I used to think I knew Nineteenth century history and literature. And then I read Shark Alley. Spanning the first half of the century, the time setting of this remarkable book allows the author to explore his evident passion for Victorian literature alongside his sympathies for the emergence of the British working class political movement. The narrator, Jack Vincent, leads us seamlessly from his origins in Georgian rural England to early Victorian London and on into the Colonies.
Here in spirit and subject matter I find so many of the greats on whom I cut my own emerging literary awareness. Here is Thomas Hardy in the narrator’s early rural years, here is George Eliot’s Eppie in the golden curls of Jack Vincent’s little sister Sarah, and here woven into plot as well a the subject matter is Thackery. But here beyond all others is Charles Dickens whom it seems is the writer that the narrator (and dare I suggest perhaps even the author?) would most like to have been himself. Thus we are drawn from the horrors of a medically unattended death in childbirth (the narrator’s mother) through the comparable horrors of Marshalsea debtors’ prison , on into the terminal horrors of the unattended death in the squalor of the London slums of the author’s father (I cannot bring myself to disclose the truly shocking detail Stephen Carver describes). Dr Carver’s Victorian England is one in which the grim life of the rural and urban poor is exceeded only by the grim death that follows it. Here, in consequence, I do not find the Brontes, and here I most definitely do not find Jane Austen.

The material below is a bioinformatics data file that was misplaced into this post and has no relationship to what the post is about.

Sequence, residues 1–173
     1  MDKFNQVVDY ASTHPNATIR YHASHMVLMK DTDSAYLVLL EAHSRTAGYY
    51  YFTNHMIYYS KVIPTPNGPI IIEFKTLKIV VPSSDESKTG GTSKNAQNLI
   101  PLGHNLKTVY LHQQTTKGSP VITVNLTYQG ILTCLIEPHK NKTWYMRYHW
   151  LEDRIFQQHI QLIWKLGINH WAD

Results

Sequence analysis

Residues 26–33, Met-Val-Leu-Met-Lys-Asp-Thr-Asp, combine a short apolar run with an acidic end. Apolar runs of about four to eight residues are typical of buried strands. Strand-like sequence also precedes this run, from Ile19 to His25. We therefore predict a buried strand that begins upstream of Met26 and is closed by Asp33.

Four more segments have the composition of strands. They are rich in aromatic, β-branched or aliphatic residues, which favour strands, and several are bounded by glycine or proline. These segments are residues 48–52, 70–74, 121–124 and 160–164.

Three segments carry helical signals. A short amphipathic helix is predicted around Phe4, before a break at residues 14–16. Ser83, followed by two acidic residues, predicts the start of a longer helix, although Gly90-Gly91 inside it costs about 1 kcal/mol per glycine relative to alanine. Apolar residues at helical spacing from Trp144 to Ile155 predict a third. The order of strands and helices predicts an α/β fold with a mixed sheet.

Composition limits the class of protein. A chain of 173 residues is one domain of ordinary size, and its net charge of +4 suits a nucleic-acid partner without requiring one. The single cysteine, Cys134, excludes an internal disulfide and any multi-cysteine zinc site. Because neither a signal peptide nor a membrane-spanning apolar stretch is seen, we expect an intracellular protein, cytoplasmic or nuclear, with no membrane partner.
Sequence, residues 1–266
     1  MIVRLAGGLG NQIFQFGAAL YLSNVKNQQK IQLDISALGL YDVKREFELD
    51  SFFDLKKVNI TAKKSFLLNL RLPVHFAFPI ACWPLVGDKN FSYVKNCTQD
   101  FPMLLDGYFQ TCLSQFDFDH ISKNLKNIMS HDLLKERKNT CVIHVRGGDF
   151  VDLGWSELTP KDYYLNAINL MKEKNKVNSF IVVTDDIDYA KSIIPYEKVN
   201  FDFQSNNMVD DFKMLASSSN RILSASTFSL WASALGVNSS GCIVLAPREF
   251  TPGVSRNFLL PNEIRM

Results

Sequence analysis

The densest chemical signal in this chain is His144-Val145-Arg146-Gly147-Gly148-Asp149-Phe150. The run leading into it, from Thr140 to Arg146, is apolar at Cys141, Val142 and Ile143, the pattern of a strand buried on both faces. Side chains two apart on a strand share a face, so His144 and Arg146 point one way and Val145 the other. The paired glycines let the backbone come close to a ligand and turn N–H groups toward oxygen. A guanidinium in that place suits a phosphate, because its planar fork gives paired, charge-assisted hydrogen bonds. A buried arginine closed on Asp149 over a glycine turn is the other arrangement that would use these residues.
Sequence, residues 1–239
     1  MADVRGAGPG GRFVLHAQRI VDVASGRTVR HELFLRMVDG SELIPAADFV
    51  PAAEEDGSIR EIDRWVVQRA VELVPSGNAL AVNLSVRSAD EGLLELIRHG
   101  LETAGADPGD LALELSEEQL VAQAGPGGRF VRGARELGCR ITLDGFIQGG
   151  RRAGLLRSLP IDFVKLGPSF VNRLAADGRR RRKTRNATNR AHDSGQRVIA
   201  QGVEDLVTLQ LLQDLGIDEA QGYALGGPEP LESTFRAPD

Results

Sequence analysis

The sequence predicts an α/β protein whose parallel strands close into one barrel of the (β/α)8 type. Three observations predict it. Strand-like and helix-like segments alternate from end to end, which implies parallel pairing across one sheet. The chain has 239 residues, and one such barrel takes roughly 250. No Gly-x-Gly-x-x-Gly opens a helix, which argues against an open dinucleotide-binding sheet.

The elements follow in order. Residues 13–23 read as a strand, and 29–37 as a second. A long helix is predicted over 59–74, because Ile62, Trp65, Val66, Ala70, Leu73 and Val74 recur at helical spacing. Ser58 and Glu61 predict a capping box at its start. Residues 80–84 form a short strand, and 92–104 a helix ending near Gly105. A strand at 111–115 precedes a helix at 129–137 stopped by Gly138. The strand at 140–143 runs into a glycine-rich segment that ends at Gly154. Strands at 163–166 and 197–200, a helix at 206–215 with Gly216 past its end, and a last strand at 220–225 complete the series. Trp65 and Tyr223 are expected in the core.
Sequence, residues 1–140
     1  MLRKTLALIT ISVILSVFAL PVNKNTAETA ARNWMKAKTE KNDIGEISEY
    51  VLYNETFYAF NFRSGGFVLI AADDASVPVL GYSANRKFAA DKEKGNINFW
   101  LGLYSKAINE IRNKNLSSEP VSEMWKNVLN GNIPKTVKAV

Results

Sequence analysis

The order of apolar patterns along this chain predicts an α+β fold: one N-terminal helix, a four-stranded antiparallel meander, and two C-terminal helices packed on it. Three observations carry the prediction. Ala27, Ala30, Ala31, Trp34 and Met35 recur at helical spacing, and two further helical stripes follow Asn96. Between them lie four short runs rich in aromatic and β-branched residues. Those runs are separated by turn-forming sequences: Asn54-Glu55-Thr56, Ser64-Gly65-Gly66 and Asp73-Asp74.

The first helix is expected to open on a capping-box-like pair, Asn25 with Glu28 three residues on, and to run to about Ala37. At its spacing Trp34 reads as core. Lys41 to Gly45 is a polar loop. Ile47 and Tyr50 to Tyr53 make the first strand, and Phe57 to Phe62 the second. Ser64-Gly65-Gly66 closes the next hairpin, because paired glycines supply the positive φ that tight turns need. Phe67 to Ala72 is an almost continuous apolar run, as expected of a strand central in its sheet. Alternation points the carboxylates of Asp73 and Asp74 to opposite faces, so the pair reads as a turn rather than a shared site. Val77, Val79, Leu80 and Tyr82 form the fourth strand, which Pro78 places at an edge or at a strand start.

The narrator’s personal journey takes him on the troop carrier Birkenhead to South Africa where, it is no secret to disclose, it is wrecked. Vincent is present throughout the journey and the wreck, describing in graphic detail the fate in the titular Shark Alley of those that did not make it to the lifeboats – as well of that of some that did. These two story lines of the early and middle years of Jack Vincent are woven into an alternating narrative that keeps the plot moving at a pace that retains the reader’s interest, perpetuating the vehicle for the author’s real interest which lines in social history. Hence Vincent’s scandalous affair with society hostess Mina Garwood is contrasted with his eventual courtship of and loving marriage to London seamstress Grace in a story line that pauses briefly to explore, amongst other socio-political landmarks, the Chartist Kennington Rally of 1848.
At over 200,000 words this ‘trippledecker’ is no lightweight read. If any criticism is to be made of it, it is perhaps that Jack Vincent is too socially aware and that holds values that are more twentieth or even twenty-first century than nineteenth. For this apparent anachronism we cannot blame him though, for Dr Carver has surely time travelled in the tradition of his favourite penny-a-line serialisations. Though we have never met, I am quite certain that Stephen Carver is Jack Vincent.
I have no difficulty in awaiting this work the maximum five stars and I await its sequel with interest. Congratulations, Dr Carver, on a fine achievement.